By reading this study, members will learn how to:
- Identify departments or units most at risk of mass retirements
- Encourage high-value staff to delay retirement
- Transfer critical institutional knowledge and experience
For decades, the health care industry has operated with an older-than-average workforce. And now many organizations find themselves facing the very real risk of mass retirements across the front line. Use our research to encourage high-value staff to delay retirement and cost-effectively capture critical institutional knowledge.
A ticking time bomb
In 1980, the average age of a registered nurse was 40; in 2008, it was 47. By 2012, nearly half of registered nurses and physicians in the United States were over age 50. Further complicating matters, the recent recession and resulting financial uncertainty have led many older employees to delay retirement, creating a backlog of potential retirees.
This puts providers at risk for mass retirements across the front line—turnover that would leave frontline managers grappling with disruptive staffing gaps while simultaneously losing many of their most expert staff members. In HR departments, time lags and recruiting costs will increase as vacancies spike.
Retirements are inevitable, but spread them across time
We recommend that HR leaders take two primary steps to mitigate the effects of mass retirements. First, spread them across a larger window of time by encouraging high-value staff to delay retirement.
It’s unlikely that vacancies will be spread evenly across an organization, so begin by using our retirement risk appraisal tool to determine which departments and units face the greatest threat.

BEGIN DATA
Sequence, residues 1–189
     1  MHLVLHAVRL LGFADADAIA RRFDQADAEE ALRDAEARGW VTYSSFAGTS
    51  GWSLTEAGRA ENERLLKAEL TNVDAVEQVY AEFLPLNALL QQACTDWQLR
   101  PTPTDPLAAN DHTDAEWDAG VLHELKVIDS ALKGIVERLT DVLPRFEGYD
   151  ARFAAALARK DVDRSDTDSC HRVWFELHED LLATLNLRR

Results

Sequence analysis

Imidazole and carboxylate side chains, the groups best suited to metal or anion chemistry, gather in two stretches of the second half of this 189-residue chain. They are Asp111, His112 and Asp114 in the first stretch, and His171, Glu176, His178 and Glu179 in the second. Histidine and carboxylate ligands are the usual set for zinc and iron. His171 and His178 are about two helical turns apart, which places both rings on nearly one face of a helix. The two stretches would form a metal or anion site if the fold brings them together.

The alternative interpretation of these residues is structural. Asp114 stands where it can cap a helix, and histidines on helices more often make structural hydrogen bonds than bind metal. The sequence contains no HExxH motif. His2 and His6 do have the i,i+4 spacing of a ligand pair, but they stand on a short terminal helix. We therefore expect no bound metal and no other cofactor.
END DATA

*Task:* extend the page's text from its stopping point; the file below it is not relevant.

We also recommend offering late-career employees opportunities to shift roles or responsibilities and creating a phased retirement plan that allows valued employees to work reduced hours prior to full retirement. Fifty-six percent of employees over the age of 50 consider this an important option, but just 5% of organizations across all industries offer it.
Preserve critical institutional knowledge and experience
Organizations aren’t just concerned about losing FTEs; they also risk losing the invaluable institutional knowledge held by experienced employees. Successful organizations will take care to identify and record the nuances of highly specialized roles, and we’ve provided the tools needed to capture these critical details and job duties.
“Wisdom Worker” shadowing programs also can help experienced staff members transfer their know-how to younger staff.
Essay: The Ticking Time Bomb of an Aging Workforce